The “Ambivalence of the Sacred” in Africa: The Impact of Religion on Peace and Conflict in Sub-Saharan Africa
Given the widespread focus on socioeconomic factors, it comes as no surprise that religion is neglected in most theoretical explanations of African civil conflicts. While scholarly interest is increasing in light of the civil wars in Sudan, Nigeria, and northern Uganda, no systematic empirical analysis has been undertaken to date. Hence, this paper aims to provide a preliminary assessment of the role of religions in sub-Saharan civil conflicts. Quantitative and qualitative analysis based on a newly compiled database including 28 violent conflicts show that religion plays a role more frequently than is usually assumed and that the effects of religions are principally ambiguous. Religious actors and institutions have escalating effects in many cases, yet more often they become active for peace. Religious identities and ideas seem to have a particular impact on conflict. Even though religion seems secondary when compared to classical “risk factors,” the findings demonstrate that religious factors have to be taken seriously when analyzing civil conflicts in Africa.
|Date of creation:||Mar 2008|
|Contact details of provider:|| Postal: Neuer Jungfernstieg 21, D-20354 Hamburg|
Phone: +49 (0)40 42825-593
Fax: +49 (0)40 42825-547
Web page: http://www.giga-hamburg.de/workingpapers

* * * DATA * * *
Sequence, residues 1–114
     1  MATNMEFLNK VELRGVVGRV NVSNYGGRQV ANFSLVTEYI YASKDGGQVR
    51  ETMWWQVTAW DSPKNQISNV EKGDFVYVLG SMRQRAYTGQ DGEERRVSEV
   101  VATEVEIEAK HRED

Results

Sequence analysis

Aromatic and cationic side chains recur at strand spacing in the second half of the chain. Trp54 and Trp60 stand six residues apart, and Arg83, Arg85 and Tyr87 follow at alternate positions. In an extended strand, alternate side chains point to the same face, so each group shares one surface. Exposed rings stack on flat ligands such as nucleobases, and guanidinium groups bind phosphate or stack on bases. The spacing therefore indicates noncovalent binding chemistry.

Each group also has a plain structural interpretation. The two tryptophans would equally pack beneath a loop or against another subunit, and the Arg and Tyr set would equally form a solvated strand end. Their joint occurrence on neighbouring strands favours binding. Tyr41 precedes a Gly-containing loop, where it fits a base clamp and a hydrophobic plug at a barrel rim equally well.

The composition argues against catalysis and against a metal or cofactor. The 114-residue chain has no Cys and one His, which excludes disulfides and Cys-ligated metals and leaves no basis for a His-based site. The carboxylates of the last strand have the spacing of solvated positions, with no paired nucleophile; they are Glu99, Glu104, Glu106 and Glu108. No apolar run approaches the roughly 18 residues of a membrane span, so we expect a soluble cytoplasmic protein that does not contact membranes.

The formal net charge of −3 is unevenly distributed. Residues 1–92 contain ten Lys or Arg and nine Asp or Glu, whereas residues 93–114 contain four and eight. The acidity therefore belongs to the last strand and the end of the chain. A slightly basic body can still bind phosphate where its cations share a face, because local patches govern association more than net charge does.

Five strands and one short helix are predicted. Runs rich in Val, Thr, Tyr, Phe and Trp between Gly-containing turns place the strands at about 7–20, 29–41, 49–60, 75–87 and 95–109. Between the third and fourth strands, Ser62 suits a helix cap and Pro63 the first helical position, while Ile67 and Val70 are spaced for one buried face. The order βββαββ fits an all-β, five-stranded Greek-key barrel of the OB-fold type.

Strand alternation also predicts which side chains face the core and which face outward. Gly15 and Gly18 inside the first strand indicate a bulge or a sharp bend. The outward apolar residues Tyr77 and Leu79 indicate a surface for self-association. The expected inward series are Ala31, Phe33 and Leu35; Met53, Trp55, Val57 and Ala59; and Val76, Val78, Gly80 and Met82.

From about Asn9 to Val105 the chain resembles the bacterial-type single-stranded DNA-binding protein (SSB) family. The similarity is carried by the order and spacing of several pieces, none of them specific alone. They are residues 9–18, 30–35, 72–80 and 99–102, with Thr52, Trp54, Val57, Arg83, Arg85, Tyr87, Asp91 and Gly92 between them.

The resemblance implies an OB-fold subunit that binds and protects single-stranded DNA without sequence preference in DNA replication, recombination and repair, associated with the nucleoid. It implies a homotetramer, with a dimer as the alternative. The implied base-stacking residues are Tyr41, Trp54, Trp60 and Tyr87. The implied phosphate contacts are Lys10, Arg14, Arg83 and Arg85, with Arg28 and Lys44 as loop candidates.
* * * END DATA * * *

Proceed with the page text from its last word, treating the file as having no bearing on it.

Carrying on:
More information through EDIRC
|Order Information:|| Email: |
Please report citation or reference errors to , or , if you are the registered author of the cited work, log in to your RePEc Author Service profile, click on "citations" and make appropriate adjustments.:
- Rudolph J. Rummel, 1997. "Is Collective Violence Correlated with Social Pluralism?," Journal of Peace Research, Peace Research Institute Oslo, vol. 34(2), pages 163-175, May.
- Tanja Ellingsen, 2000. "Colorful Community or Ethnic Witches' Brew?," Journal of Conflict Resolution, Peace Science Society (International), vol. 44(2), pages 228-249, April.
- Collier, Paul & Hoeffler, Anke, 2000.
"Greed and grievance in civil war,"
Policy Research Working Paper Series
2355, The World Bank.
When requesting a correction, please mention this item's handle: RePEc:gig:wpaper:70. See general information about how to correct material in RePEc.
For technical questions regarding this item, or to correct its authors, title, abstract, bibliographic or download information, contact: (Bert Hoffmann)
If references are entirely missing, you can add them using this form.